The problem with Snoop is that he brings the same persona (himself) to every character he plays and like Keanu Reeves, his range is limited. There have been other rappers who are weak thespians, such as Eve, whose wooden performance in 2004’s “The Cook Out” made Sophia Coppola’s turn in “The Godfather III” look like Meryl Streep. If DMX could do anything else except scowl and speak in a monotone, he too, might garner some “stage cred.”
Most movies rappers appear in are low-budget affairs that allow these neophytes to cut their acting teeth. But the themes hardly vary from the ghetto-quest-for-riches-by-any-means themes. “Set It Off,” was of this same ilk but benefit from a poignant storyline and pulse-raising action scenes. The cast featured four black women–Queen Latifah. The Vivica Fox, Ella Joyce and Jada Pinkett–in a tale about four females who view bank robberies as a means of escaping the drudgery and hopelessness that encompasses their lives. Since this film, Latifah has gone on to win over fans in films like “Bringing Down The House,” where she co-starred with Steve martin and Eugene Levy.
Ice-T appeared to take a step back with the lightly-regarded and ridiculous plot of “Leprechaun In The Hood,” and as of late hasn’t been seen on the big screen in any roles of note. Plans are for Ludacris and Jay-Z to make their big screen debuts as well. This phenomenon will probably grow, especially since 50s debut in “Get Rich” and Eminem’s turn in “8 Mile.” Both received kudos for their performances. However, one has to question the skills of these “actors, especially when the praise they receive is for playing scenes from their own lives.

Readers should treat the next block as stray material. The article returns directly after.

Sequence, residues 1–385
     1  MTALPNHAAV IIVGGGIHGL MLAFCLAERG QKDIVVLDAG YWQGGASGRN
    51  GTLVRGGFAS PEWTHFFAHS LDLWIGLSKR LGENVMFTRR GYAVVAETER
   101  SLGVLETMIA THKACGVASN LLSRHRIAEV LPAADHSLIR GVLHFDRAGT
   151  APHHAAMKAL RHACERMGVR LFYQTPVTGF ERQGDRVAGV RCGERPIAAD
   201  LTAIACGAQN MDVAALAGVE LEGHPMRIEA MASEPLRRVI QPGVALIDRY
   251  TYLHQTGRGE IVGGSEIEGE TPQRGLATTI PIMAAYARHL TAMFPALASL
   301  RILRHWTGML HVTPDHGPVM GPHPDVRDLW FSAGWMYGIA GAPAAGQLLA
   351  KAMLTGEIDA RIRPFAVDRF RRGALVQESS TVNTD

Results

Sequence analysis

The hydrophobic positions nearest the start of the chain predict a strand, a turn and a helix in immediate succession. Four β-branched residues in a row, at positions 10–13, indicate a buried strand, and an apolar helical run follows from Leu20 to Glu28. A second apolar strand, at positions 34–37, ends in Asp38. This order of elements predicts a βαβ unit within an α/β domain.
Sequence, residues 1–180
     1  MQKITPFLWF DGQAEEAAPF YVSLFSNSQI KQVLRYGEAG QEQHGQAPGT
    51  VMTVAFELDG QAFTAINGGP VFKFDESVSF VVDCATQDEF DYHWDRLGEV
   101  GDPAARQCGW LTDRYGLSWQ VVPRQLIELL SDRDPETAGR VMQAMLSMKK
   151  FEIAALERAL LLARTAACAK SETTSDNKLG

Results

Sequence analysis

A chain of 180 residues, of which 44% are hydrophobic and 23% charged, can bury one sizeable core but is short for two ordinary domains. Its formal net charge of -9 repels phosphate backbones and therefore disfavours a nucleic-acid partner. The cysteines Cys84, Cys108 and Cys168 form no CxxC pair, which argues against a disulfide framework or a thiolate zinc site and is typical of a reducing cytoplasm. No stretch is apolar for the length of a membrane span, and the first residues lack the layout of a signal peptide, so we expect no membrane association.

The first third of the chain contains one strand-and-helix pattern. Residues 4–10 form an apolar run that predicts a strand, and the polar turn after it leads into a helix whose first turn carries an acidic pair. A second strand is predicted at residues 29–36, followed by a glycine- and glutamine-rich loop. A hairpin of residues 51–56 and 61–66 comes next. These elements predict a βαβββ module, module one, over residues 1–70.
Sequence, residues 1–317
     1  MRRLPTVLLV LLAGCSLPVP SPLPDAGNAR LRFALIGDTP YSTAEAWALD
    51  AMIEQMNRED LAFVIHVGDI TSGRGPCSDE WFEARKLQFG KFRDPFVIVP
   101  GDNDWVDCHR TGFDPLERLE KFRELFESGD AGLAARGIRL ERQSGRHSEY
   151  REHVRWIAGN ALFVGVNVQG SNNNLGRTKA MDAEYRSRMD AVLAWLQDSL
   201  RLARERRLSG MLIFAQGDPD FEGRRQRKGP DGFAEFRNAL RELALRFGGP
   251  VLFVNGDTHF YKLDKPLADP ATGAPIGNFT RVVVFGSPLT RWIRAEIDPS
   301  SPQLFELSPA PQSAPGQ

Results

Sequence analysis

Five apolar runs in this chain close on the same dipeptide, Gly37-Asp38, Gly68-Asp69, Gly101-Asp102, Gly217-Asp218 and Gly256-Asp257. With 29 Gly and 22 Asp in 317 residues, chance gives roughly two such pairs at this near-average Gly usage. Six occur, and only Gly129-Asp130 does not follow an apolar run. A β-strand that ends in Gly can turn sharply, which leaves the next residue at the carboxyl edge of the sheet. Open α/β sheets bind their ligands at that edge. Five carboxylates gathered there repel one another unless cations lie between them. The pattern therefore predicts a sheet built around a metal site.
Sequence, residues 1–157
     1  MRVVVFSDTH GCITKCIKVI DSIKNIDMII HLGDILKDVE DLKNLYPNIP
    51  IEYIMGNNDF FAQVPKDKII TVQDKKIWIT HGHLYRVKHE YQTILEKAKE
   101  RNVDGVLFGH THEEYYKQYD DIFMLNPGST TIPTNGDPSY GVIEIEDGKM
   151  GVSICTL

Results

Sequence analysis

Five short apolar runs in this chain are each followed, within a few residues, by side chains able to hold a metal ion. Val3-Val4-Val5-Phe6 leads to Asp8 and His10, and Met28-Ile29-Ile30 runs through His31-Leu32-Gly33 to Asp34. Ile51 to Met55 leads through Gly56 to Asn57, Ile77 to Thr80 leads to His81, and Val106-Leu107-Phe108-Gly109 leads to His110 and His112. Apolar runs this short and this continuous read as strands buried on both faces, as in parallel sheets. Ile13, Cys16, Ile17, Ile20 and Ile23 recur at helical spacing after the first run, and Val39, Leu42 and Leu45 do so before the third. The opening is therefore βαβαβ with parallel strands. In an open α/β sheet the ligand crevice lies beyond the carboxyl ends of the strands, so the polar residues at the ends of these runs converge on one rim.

Arguably, the most talented and role-conscious of this new breed of “thespians” is Mos Def (born Dante Terrell Smith). He became known to many through his appearances on “Chappelle’s Show,” and his memorable turn as Dr. Vivian Thomas in the HBO’s Something The Lord Made, which earned him a Best Actor Emmy and Globe nomination, along with a Teen Image Award. He also received critical praise for his role as Ford Prefect in the disappointing, “The Hitchhiker’s Guide to the Galaxy,”
The thirty-three year old Brooklyn native began his career with the rap group Thermo Dynamics, but most of his work was unknown outside of New York’s underground circuit. Using his popularity in rap circles, he teamed with Def Jam’s Russell Simmons to create HBO’s “Def Poetry Jam.” Unlike most of the aforementioned rappers, he began his entertainment career at age fourteen starring in alongside Mare Winningham in the TV movie, God Bless The Child. He also co-starred in the short-lived “Cosby Mysteries.” Recently he starred with Bruce Willis in “16 Blocks.”
This young man is just scratching the surface of his seemingly endless talent. He will bring back “Def Poetry” for a sixth season and later this year will release a new CD. On tap for the multi-talented Brooklynite are three films, currently in pre-production: Stringbean and Marcus, Toussaint, and The Brazilian Job.